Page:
There are stronger indicators of who may be worst affected by Covid-19. Old age, hypertension, cardiovascular disease, obesity and diabetes are the conditions most strongly associated with severe Covid-19 outcomes. Accessibility to and the quality of healthcare also influence outcomes.
The ApoE, androgen and blood group research illustrate the delicate metabolic and physiological balances in the body, and how infections can co-opt or disrupt these. These aren’t the only ones.
A paper just published in Cell Systems describes screening over 200 proteins from the sera of 31 Covid-19 patients. The research team identified 27 proteins whose relative levels appear to be associated with Covid-19 symptoms, when compared with the sera of healthy donors. These proteins come from a variety of metabolic or immune response processes. Some may be useful in developing better assays for Covid-19, or treatments. Larger scale screening is, however, required.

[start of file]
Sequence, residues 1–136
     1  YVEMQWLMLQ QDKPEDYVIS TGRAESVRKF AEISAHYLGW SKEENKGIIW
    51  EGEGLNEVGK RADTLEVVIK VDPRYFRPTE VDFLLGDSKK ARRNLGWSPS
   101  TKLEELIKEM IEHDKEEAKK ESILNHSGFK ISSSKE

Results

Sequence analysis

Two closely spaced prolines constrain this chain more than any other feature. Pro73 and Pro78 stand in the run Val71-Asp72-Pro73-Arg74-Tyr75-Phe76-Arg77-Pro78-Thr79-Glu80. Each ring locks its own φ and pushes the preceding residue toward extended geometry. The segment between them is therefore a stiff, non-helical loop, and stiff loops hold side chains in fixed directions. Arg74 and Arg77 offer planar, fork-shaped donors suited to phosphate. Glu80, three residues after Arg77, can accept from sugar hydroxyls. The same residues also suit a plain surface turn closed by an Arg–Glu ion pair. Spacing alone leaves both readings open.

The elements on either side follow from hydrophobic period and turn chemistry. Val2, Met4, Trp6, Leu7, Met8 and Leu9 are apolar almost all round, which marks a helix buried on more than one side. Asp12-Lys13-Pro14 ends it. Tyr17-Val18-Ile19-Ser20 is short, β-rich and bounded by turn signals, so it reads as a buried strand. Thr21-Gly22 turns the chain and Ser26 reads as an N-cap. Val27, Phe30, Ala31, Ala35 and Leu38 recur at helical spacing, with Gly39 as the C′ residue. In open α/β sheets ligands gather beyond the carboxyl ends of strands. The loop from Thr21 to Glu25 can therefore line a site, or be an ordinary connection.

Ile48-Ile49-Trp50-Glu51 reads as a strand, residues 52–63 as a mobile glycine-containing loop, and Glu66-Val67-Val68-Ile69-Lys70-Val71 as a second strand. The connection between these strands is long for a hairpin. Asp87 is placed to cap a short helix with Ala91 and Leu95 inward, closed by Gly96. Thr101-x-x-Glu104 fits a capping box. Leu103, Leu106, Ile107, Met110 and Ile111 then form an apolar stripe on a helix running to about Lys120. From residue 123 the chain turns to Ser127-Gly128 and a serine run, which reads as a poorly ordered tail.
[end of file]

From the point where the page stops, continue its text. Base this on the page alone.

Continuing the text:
Covid-19 can trigger nasty physiological cascades
The effects that SARS-CoV-2 can have on the body are still being discovered. An article in The Economist provides a readable overview, as well as highlighting longer-term social and economic impacts that may occur for some who have been severely affected.
Recent research is finding that, in addition to disrupting a balanced immune response to infection, the virus may damage blood vessels. This can lead to a cascade of organ and tissue damage in those who already have weaker vascular systems.